Blog - Embodying Truth
Merchant-Missionaries from ChinaSunday, April 24, 2011
Nearly a month has passed since posting my last blog. The reason: preparing for and spending nearly two weeks in China. I went as one of a group of graduate students from various nations, visiting Beijing, Xian, and Shanghai. During that visit, and from reading books on China associated with that course, I learned some encouraging facts about workplace ministry there.
Although we did not visit the city of Wenzhou, I had read about the world-wide influence of its business people in David Aikman’s book, Jesus in Beijing. Aikman had been in Italy, attending a conference on Islam, when he noticed all the Chinese Christians hard at work in retail businesses. When he asked one of them where in China they were from, she told him, "Wenzhou.” As he dug further for information, he learned that about 25 Christians from that city had settled in Florence and set up shop.
Aikman encountered the same "Wenzhou” influence during a visit to Barcelona, Spain. The largest of three Chinese churches in that city "consisted of merchants who hailed from Wenzhou.” After that, friends told him how Wenzhou Christians had begun churches in Paris, Khabarovsk, Bucharest, and Budapest. Aikman writes, "Everywhere the Wenzhou retail merchants went, it seemed, at least from the 1980s, they also started churches.”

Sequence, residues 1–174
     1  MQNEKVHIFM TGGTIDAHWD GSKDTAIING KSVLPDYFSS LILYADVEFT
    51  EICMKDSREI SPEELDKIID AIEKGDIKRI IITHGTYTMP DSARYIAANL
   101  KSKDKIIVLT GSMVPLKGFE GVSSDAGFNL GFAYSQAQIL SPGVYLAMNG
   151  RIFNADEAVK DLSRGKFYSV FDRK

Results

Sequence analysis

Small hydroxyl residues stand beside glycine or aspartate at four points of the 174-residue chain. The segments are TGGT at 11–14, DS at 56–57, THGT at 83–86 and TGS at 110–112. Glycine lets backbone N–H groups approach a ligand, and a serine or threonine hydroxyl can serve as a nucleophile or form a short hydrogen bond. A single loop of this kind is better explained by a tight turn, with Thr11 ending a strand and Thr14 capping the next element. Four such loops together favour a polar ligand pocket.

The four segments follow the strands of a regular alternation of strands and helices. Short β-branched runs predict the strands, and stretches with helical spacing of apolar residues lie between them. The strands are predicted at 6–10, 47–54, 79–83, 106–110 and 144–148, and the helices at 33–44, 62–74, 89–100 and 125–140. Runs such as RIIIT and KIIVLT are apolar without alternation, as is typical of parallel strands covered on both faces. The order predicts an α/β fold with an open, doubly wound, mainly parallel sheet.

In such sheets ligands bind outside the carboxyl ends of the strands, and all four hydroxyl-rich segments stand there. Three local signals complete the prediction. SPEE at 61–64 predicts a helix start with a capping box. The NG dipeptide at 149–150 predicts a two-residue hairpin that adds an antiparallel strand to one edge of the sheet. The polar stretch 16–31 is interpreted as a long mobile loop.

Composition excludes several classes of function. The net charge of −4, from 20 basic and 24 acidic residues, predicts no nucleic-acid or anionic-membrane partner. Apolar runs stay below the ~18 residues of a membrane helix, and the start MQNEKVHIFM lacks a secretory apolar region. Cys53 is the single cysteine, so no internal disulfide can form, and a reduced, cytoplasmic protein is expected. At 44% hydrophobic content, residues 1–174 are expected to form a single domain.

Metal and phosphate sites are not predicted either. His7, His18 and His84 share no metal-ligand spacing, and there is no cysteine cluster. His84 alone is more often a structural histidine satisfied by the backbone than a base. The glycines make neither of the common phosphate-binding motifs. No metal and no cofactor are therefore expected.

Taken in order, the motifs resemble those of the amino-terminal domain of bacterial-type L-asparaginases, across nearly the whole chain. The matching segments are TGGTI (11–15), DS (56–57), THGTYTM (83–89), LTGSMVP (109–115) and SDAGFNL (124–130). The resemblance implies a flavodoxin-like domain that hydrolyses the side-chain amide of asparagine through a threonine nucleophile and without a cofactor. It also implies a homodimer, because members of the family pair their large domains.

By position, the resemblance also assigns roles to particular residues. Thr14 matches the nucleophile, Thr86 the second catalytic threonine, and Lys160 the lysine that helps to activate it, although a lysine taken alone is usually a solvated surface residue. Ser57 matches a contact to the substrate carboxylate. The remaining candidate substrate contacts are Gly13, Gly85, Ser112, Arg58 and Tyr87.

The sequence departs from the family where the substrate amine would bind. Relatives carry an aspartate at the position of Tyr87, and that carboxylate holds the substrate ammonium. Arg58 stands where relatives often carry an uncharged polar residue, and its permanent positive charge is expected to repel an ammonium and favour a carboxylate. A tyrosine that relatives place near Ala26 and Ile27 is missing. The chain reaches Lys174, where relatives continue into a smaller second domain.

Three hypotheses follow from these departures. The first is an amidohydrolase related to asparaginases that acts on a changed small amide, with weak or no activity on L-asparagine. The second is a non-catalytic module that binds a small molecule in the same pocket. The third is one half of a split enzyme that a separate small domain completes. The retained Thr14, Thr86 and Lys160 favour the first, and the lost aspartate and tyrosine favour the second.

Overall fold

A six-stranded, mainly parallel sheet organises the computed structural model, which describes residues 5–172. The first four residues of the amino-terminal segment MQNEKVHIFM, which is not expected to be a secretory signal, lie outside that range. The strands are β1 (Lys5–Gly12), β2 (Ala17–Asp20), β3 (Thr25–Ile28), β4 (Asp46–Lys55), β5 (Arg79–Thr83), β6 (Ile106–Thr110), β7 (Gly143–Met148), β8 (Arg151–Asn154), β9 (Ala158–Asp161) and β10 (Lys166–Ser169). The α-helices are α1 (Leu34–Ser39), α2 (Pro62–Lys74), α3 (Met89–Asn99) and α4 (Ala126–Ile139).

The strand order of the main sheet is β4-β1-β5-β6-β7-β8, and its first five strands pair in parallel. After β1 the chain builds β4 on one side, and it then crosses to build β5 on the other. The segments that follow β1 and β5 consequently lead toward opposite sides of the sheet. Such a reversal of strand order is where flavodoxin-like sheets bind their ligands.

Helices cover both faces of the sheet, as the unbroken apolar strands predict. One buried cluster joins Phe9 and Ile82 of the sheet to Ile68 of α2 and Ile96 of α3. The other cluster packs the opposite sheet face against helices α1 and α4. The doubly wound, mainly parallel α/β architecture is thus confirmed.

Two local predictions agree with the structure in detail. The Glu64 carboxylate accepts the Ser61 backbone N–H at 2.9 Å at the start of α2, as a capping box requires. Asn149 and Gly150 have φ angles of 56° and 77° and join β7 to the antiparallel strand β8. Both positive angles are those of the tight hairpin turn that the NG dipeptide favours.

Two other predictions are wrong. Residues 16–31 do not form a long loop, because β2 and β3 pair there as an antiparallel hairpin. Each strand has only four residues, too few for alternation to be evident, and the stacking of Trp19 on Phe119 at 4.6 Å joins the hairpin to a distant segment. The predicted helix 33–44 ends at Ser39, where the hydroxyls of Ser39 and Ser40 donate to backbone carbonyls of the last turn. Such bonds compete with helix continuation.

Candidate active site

Several years ago, Christians in Wenzhou and Henan had a vision in which two groups of believers—one from each city—would carry the gospel "back to Jerusalem” via the old Silk Road, the 4,000-mile network of trade routes that connected China with Rome. While in Xian, our group heard from a house church leader who had received a similar vision.
In 1992, he opened a room in his broadcasting company as a meeting-place for a "house” church. He had been praying intensively for the Jews in the Holy Land. As time passed, he began to sense a vision from the Lord: to carry the gospel "Back to Jerusalem.” The good news had traveled westward from Jerusalem and circled the globe. Now, having reached China, the gospel needs to go from "Xian to Zion.” In 2008, he and 14 other believers, in four vehicles, made the journey along that ancient Silk Road. This route, of course, runs right through predominantly Muslim countries. He and many others believe that future delegations of Chinese Christians will use the trade route to reach them.
As Aikman sums it up: "Referred to simply as ‘Back to Jerusalem,’ this vision has become familiar to the Christians of China’s house church networks, and to many foreigners who have met with them. . . . [Wenzhou’s] Christians have a longing that they share with a large number of China’s Protestants: to move out on a missionary road that will take the Gospel back to the Middle East, from which it originally came to Europe, North America, and finally China.”
I returned from China with a whole new picture of merchant-missionaries, workplace-witnesses. In his well-known words of Matt. 28:19, Jesus literally says, "As you are going, make disciples. . . .” Christian business people from China are on the go. And as they are going, they are making disciples.